Thursday, 12 May 2022 10:55

Live export experts ignored

Written by  David Anderson
Nicola Grigg accuses both MPI and Agriculture Minister Damien O'Connor of deliberately ignoring submitters opposing the ban. Nicola Grigg accuses both MPI and Agriculture Minister Damien O'Connor of deliberately ignoring submitters opposing the ban.

National's animal welfare spokesperson Nicola Grigg claims the Government completely ignored compelling evidence from cattle breeders, vets and export industry experts in its push to ban live animal shipments.

Grigg's claim follows Parliament's recently completed Primary Production Select Committee inquiry into the Animal Welfare Amendment Bill, which will ban the export of live animals by sea from April next year.

"It was a foregone conclusion," Grigg told Rural News.

"The MPI [Ministry for Primary Industries] report states 'given the Government has made its clear commitment to the ban being in place by 30 April 2023, the recommendations in this report are intended to give effect to this decision... the Bill should progress as it was presented to the House at the First Reading'."

Grigg says this made an absolute mockery of the select committee process and the inquiry and accuses both MPI and Agriculture Minister Damien O'Connor of deliberately ignoring submitters opposing the ban.

"To me that stinks," she adds. "Clearly it was a predetermined outcome and there was no intention to listen to any evidence, any science, any experience from international jurisdictions - making it a total waste of time to all those people who put hours and hours into submissions."

Grigg says many of those submitters that were ignored included livestock agents, importers/exporters and vets. However, she concedes that there was also evidence from those who had been on live shipments and who had witnessed horrific events.

"Don't get me wrong, we certainly heard evidence of substandard practice and no fair-minded New Zealander will accept or tolerate that and nor will [National]."

Grigg says that is why National was keen for the Government to open its mind to a legislated standard - what she describes as a "gold standard" - for live exports rather than an outright ban.

"This would set standards like built-for-purpose ships with feed, water and air conditioning systems," she says. "As well as maximum stocking densities, vet and stock handler training, better reporting, exporter licensing and an importer quality assurance programme."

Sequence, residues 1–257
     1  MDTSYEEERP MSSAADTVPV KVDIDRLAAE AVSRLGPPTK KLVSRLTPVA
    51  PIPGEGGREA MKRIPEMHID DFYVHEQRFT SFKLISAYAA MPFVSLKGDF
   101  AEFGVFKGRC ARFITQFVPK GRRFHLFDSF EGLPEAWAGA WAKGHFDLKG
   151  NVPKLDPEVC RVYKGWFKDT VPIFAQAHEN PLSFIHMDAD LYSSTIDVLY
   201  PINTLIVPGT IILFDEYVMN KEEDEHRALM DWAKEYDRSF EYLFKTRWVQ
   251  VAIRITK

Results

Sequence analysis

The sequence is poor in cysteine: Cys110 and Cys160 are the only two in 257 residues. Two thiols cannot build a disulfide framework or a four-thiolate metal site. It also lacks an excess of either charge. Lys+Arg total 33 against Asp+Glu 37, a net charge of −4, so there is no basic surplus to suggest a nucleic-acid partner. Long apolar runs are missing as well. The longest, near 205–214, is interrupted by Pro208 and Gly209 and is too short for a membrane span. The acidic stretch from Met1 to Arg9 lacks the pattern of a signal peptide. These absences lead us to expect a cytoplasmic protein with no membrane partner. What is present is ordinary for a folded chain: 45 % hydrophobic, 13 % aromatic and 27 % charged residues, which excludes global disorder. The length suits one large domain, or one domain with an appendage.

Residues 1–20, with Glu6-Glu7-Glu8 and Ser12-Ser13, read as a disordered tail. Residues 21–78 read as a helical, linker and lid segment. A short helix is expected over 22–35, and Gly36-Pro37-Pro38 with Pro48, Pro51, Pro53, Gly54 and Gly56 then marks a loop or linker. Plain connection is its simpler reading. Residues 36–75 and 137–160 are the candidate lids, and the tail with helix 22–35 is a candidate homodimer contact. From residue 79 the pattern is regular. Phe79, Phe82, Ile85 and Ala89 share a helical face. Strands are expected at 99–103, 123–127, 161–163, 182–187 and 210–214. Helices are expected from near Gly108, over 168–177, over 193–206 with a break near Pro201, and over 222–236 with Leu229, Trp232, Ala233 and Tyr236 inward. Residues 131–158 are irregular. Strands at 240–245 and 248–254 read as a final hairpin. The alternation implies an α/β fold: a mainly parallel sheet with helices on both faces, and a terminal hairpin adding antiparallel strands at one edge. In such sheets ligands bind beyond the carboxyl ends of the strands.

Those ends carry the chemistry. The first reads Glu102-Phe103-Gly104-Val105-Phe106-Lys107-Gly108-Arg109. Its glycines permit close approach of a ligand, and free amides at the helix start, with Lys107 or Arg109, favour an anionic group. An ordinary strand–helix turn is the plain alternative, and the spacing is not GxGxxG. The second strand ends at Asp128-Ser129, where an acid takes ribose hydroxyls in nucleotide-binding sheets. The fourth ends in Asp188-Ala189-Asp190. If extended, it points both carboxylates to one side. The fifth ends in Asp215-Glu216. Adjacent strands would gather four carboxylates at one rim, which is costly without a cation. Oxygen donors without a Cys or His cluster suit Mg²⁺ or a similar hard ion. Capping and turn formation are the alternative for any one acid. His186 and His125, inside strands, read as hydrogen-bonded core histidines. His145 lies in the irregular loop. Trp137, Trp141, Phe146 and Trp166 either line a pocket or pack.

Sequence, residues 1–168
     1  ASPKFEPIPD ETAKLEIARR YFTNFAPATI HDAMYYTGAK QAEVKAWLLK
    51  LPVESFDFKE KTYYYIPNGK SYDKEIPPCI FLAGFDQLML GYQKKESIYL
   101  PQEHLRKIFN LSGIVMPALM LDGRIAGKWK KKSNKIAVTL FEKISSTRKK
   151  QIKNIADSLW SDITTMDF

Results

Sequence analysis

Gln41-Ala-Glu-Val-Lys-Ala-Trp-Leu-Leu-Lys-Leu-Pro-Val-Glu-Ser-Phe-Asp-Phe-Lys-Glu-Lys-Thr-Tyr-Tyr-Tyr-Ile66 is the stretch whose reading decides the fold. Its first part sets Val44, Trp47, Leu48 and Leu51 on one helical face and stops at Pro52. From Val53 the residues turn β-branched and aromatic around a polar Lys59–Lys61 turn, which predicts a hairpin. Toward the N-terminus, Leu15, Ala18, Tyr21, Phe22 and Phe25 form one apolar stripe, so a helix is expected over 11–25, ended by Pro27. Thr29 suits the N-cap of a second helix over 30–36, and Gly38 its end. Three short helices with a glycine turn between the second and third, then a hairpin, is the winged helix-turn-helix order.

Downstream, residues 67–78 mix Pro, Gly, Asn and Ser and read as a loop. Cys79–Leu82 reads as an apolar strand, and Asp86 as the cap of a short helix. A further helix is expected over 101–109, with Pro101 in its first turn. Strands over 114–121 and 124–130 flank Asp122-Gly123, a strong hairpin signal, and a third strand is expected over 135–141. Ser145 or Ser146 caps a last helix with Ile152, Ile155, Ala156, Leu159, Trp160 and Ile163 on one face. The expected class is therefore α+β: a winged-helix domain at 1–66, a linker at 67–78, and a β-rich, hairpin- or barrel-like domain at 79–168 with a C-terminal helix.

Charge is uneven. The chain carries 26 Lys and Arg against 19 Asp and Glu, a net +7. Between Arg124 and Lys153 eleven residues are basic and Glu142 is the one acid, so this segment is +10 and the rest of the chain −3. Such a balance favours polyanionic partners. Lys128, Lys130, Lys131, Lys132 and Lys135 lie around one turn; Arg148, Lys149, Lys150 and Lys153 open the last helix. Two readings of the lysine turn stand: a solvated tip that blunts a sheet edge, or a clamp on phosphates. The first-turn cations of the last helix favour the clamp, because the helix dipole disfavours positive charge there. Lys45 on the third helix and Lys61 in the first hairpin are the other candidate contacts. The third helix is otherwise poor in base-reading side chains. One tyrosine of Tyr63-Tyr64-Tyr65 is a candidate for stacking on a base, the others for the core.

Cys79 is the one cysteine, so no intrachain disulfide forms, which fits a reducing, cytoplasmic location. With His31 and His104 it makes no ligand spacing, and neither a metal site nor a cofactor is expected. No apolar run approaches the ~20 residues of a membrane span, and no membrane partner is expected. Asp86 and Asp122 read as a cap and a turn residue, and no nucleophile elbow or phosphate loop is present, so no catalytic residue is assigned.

She says a licensing regime like this would ensure New Zealand exporters adopt the highest animal welfare standards in the world.

"Wouldn't it be great if NZ was world leading in this space and set the standards that the rest of the world had to follow?"

Grigg, who is also National's spokesperson for Rural Communities, believes the projected economic loss caused by the live export ban has been grossly underestimated.

"National asked for more robust financial implications of the ban, but this was never provided."

She says rural communities across New Zealand will be adversely affected in both job and revenue loss from the ban.

More like this

Crazy

OPINION: Your canine crusader was truly impressed by the almost unanimous support given by politicians of all stripes in Parliament to the recent passing of legislation for the NZ/EU free trade deal.

Featured

Viability of farming questioned

People are starting to question the viability of sheep and beef farming as profitability in that sector falls to one of its all-time lows, according to Federated Farmers board member and Gisborne sheep and beef farm, Toby Williams.

Zespri's net profit down $60m

Kiwifruit exporter and marketer Zespri has reported a $60 million drop in net profit, mainly driven by reduced licence revenue from lower pricing per hectare than 2022/23.

UAE FTA welcome news

The dairy and red meat sectors have welcomed news that New Zealand will begin formal negotiations for a free trade agreement (FTA) with the United Arab Emirates (UAE).

Home detention for animal neglect

A Taranaki dairy farmer received four-month home detention and was disqualified from overseeing of animals for 18 months over a lack of feed and welfare which led to some animals being euthanised.

National

$160 billion cargo shipment deal

New Zealand’s major primary industry exporters have secured shipping capability to export $160 billion worth of products over the next…

Play by the rules

Trade and Agriculture Minister Todd McClay says the Government is always working to ensure that our food exporters are treated…

Machinery & Products

GPS in control

In a move that will make harvesting operations easier, particularly in odd-shaped paddocks, Kuhn has announced that GPS section control…

» Latest Print Issues Online

The Hound

True colours

OPINION: The watermelon party (AKA the Greens) try to portray themselves as an upright, self-righteous, caring bunch of woke, bicycle-riding…

Peace at last?

OPINION: Good news for hunters as Forest & Bird have "paused" legal action against the Fiordland Wapiti Foundation and agreed…

» Connect with Rural News

» eNewsletter

Subscribe to our weekly newsletter